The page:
I am about to create a patch file for a project. My branch is the "master" in my local repository. And the remote upstream branch is mapped to the local branch "origin". \ With this command I can compare the two branches and see all differences

git diff origin..master

[gives me a full patch format of all commits]

But in this case, I'd like to cherry-pick some of the commits and create a new patch file specificly for the different areas wheere my branch differs. The question is how I can see the individual commits?


To just see the commits you can use

git log origin..master

You can also add the -p option to see the individual patches. If you want to cherry pick commits you can use the git rebase -i option which is pretty neat.

On your master branch:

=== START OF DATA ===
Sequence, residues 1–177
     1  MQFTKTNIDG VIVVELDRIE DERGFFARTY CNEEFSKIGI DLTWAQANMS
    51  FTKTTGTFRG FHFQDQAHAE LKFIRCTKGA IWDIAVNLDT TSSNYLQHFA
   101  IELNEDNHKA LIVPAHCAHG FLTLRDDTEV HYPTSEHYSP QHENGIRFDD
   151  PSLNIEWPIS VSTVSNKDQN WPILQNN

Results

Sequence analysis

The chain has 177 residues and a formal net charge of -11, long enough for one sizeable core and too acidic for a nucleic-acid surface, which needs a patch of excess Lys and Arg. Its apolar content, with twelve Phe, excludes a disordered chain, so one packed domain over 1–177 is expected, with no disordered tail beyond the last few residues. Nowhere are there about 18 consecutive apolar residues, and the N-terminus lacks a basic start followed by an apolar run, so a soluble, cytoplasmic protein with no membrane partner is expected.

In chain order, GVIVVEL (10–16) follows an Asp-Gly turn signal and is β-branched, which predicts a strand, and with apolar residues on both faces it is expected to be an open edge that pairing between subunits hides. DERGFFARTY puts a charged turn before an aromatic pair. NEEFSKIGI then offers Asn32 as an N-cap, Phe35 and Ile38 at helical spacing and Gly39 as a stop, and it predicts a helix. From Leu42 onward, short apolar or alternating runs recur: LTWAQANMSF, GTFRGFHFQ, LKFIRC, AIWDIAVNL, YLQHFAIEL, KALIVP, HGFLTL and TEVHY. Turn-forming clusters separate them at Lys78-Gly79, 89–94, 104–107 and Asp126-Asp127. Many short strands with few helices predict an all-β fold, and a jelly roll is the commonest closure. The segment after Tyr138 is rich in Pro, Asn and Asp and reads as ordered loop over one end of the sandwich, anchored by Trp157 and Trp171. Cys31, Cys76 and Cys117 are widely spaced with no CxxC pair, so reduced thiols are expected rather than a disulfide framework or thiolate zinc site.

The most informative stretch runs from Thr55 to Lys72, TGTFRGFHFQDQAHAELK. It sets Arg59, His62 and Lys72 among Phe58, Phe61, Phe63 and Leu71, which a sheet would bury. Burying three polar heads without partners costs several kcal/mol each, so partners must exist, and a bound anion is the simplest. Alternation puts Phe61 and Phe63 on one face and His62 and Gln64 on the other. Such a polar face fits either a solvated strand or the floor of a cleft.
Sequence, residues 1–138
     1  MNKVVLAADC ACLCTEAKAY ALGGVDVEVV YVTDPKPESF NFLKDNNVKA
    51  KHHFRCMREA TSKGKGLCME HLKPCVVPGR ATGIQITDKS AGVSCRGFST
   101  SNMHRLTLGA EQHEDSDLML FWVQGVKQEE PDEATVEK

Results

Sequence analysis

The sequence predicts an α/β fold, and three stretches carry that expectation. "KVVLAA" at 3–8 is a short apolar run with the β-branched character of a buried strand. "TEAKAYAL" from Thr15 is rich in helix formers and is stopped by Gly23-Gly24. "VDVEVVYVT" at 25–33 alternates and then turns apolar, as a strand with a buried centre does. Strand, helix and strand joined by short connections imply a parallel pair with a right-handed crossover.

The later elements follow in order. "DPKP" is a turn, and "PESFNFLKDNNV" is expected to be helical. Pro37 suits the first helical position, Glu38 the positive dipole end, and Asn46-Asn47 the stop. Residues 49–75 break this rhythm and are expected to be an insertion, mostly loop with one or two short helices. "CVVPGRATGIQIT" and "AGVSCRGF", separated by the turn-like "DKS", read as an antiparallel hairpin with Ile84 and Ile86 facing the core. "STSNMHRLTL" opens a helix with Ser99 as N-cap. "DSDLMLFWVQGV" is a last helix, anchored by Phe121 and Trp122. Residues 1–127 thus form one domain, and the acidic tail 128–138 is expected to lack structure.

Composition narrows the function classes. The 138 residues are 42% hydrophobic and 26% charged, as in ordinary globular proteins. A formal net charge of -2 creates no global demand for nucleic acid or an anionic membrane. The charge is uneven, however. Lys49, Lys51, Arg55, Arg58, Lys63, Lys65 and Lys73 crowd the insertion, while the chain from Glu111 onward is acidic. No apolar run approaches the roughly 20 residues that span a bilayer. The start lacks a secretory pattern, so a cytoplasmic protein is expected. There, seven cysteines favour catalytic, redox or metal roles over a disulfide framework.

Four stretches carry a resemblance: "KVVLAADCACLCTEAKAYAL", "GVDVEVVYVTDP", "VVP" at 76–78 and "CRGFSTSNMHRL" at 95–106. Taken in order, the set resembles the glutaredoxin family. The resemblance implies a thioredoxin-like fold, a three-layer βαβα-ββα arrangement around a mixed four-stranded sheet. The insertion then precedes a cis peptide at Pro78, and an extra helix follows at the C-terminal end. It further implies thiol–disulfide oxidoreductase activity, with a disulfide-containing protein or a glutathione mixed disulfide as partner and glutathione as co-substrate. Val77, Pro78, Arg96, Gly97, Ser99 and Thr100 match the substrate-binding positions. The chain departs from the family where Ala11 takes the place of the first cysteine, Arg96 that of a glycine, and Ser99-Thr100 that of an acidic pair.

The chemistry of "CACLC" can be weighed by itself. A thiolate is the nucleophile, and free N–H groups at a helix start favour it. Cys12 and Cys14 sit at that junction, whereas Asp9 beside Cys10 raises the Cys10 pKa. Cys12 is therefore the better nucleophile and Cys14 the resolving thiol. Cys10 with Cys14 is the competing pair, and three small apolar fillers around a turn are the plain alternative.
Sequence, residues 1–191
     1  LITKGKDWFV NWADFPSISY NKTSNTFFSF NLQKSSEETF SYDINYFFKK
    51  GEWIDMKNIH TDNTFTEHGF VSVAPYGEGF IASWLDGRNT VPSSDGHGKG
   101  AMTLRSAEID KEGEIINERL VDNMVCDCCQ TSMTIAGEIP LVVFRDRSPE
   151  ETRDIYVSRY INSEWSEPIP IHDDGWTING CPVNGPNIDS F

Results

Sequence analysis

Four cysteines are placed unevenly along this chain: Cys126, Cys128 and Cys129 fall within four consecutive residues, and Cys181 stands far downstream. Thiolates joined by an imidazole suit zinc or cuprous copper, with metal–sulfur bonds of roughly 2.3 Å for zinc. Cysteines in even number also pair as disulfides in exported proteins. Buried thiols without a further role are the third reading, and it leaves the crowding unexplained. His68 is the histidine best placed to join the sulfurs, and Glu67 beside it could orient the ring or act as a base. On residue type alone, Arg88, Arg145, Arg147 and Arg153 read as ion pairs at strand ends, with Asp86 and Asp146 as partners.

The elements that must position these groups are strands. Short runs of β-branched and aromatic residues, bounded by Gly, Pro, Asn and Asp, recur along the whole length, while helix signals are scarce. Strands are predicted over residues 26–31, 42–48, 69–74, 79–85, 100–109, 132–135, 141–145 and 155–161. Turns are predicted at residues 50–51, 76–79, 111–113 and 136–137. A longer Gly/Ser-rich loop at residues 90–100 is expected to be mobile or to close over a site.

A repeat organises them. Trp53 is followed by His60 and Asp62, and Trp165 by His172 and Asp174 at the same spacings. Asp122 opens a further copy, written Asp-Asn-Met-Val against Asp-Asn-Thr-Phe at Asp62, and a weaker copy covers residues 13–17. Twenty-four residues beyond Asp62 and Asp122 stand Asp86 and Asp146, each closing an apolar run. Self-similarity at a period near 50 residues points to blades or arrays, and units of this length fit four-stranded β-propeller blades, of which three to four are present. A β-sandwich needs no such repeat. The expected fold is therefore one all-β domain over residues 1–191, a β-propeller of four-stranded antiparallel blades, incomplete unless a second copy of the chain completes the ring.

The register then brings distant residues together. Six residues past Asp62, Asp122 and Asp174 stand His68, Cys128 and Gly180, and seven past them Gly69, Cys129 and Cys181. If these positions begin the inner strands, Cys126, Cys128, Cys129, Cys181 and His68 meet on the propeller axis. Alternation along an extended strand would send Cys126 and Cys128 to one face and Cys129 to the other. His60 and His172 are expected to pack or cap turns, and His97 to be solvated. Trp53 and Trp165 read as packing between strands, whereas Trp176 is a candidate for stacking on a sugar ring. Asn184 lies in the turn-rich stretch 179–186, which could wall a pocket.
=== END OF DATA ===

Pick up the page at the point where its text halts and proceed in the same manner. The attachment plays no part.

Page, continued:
git checkout -b create-patch-foo
git rebase -i origin

This will let you pick, edit, omit or even squash (combine) commits.

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  • You might want to clarify that by “This will let you … merge commits.” you are referring to the ‘squash’ command in git rebase -i. Merge has specific meaning in version control systems that is different from the idea of ‘squash’ing diffs/patches/commits together. Maybe ‘combine’ is a less overloaded word if you do not like ‘squash’. – Chris Johnsen Dec 9 '09 at 12:20
  • Good call Chris, merge was an unfortunate choice of word for this meaning. – hallski Dec 9 '09 at 12:23
  • Thanks m5h, of course I should just use git-log and not git-diff to see the individual commits :) Perfect! – Jesper Rønn-Jensen Dec 9 '09 at 12:30
  • Great, feel free to mark the question as answered if you found the answer you asked for :) – hallski Dec 9 '09 at 13:11
  • m5h, don't worry that I will eventually mark question as answered. But doing so too hasty will prevent me from accepting a potentially better answer. :) – Jesper Rønn-Jensen Dec 9 '09 at 19:17

Try git cherry A B or git log --left-right --boundary --oneline A...B.

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